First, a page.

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NHC Tropical Cyclone Graphical Product Descriptions


Download the NHC Product Description User's Guide for all tropical cyclone-related products.

Contents

 


Tropical Cyclone Track Forecast Cone and Watches/Warnings

Tropical Cyclone Track and Watches/Warnings 
image example

This graphic shows an approximate representation of coastal areas under a hurricane warning (red), hurricane watch (pink), tropical storm warning (blue) and tropical storm watch (yellow). The orange circle indicates the current position of the center of the tropical cyclone. The black line and dots show the National Hurricane Center (NHC) forecast track of the center at the times indicated. The dot indicating the forecast center location will be black if the cyclone is forecast to be tropical and will be white with a black outline if the cyclone is forecast to be extratropical. If only an L is displayed, then the system is forecast to be a remnant low. The letter inside the dot indicates the NHC's forecast intensity for that time:

D: Tropical Depression – wind speed less than 39 MPH
S: Tropical Storm – wind speed between 39 MPH and 73 MPH
H: Hurricane – wind speed between 74 MPH and 110 MPH
M: Major Hurricane – wind speed greater than 110 MPH

NHC tropical cyclone forecast tracks can be in error. This forecast uncertainty is conveyed by the track forecast "cone", the solid white and stippled white areas in the graphic. The solid white area depicts the track forecast uncertainty for days 1-3 of the forecast, while the stippled area depicts the uncertainty on days 4-5. Historical data indicate that the entire 5-day path of the center of the tropical cyclone will remain within the cone about 60-70% of the time. To form the cone, a set of imaginary circles are placed along the forecast track at the 12, 24, 36, 48, 72, 96, and 120 h positions, where the size of each circle is set so that it encloses 67% of the previous five years official forecast errors. The cone is then formed by smoothly connecting the area swept out by the set of circles.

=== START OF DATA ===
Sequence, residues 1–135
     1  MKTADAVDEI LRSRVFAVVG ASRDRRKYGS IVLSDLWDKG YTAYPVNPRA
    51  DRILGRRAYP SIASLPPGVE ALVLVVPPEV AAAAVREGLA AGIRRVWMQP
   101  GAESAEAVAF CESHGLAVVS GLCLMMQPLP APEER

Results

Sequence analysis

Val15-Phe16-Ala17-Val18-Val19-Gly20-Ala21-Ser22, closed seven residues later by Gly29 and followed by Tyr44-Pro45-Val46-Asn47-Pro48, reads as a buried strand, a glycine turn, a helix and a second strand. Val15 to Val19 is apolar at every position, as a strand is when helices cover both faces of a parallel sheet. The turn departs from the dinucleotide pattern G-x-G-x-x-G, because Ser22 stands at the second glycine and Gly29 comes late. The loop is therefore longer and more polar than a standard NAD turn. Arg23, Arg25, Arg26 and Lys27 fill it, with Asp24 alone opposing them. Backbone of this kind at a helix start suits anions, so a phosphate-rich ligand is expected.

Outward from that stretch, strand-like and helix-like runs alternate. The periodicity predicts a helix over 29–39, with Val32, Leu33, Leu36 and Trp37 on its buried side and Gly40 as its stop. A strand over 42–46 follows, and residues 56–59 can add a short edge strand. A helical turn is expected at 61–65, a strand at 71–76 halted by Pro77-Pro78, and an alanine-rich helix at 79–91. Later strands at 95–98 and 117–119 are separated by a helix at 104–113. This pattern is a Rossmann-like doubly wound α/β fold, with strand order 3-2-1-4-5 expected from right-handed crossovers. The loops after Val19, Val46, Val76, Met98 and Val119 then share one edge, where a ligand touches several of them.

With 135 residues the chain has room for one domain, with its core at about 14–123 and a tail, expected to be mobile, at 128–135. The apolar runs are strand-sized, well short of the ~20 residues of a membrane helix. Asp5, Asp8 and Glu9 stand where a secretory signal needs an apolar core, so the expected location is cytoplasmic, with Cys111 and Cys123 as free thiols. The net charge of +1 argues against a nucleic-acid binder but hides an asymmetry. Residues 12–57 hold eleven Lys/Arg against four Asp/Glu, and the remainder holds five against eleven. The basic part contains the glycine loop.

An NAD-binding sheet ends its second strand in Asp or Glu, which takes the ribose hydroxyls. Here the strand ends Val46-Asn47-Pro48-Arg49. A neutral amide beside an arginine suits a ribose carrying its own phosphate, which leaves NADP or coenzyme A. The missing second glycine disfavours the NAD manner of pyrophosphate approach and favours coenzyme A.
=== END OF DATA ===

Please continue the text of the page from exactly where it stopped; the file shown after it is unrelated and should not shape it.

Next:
It is also important to realize that a tropical cyclone is not a point. Their effects can span many hundreds of miles from the center. The area experiencing hurricane force (one-minute average wind speeds of at least 74 mph) and tropical storm force (one-minute average wind speeds of 39-73 mph) winds can extend well beyond the white areas shown enclosing the most likely track area of the center. The distribution of hurricane and tropical storm force winds in this tropical cyclone can be seen in the Cumulative Wind History Graphic described below.

Considering the combined forecast uncertainties in track, intensity, and size, the chances that any particular location will experience winds of 34 kt (tropical storm force), 50 kt, or 64 kt (hurricane force) from this tropical cyclone are presented in graphical form and in tabular form for selected locations and forecast positions.

Graphics for Atlantic tropical cyclones are normally issued every six hours at 5:00 AM EDT, 11:00 AM EDT, 5:00 PM EDT, and 11:00 PM EDT (or 4:00 AM EST, 10:00 AM EST, 4:00 PM EST, and 10:00 PM EST).

Graphics for Eastern Pacific tropical cyclones are normally issued every six hours at 2:00 AM PDT, 8:00 AM PDT, 2:00 PM PDT, and 8:00 PM PDT (or 1:00 AM PST, 7:00 AM PST, 1:00 PM PST, and 7:00 PM PST).

The graphics also will be updated when intermediate public advisories are issued, and special graphics may be issued at any time due to significant changes in warnings or in the cyclone.

Note:  A detailed definition of the NHC track forecast cone is also available.


Tropical Cyclone Surface Wind Speed Probabilities

Tropical Cyclone Surface Wind Speed Probability Grahic image example